Social historian Hallie Rubenhold has won The Baillie Gifford Prize for Non-Fiction for her book The Five: The Untold Lives of the Women Killed by Jack the Ripper.
The Five reconstructs the lives of five of the women killed by the notorious Jack the Ripper, often from as little as the DNA of a single hair. The Five is a riposte to prevailing Ripper myths, giving voice to the murdered women and painting a picture of the precariousness of working class lives in Victorian London.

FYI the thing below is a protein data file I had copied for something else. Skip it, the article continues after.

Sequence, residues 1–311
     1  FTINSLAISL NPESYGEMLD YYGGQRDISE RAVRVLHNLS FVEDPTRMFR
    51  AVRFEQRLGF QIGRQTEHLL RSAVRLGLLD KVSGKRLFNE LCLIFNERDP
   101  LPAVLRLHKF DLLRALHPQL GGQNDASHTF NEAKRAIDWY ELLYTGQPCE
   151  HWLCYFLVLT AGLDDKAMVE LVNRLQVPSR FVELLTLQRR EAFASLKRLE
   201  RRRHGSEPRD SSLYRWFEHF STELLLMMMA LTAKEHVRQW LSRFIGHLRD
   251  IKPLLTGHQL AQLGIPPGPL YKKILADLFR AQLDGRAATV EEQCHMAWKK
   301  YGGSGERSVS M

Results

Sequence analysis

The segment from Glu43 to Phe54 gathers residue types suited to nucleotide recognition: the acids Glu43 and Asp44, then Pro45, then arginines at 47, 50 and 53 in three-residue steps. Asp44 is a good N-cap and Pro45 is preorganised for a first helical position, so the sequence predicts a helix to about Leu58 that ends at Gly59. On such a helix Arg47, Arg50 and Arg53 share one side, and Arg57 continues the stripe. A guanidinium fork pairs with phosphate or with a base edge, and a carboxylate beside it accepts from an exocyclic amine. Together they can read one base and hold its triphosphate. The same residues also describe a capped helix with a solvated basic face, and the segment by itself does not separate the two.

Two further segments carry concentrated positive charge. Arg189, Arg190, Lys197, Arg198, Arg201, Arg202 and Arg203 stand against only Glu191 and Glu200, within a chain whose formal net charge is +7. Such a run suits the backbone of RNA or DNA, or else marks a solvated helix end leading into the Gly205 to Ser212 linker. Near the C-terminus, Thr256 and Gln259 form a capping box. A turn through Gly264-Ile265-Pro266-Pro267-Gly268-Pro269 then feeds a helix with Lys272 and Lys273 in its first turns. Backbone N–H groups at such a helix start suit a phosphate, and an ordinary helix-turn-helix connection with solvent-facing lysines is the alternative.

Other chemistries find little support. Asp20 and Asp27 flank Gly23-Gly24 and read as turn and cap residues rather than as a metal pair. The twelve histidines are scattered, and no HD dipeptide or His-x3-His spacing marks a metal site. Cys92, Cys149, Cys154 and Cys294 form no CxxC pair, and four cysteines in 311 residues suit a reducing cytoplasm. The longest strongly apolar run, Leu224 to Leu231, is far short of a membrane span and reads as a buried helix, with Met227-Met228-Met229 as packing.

Rubenhold says, “These were ordinary people, like you and I, who happened to fall upon hard times. There’s so much in their stories that we can take away that tells us about how we live today: everything from homelessness to addiction to domestic violence. And people become victims because society doesn’t care about them.”
Read an interview with Rubenhold on CrimeReads.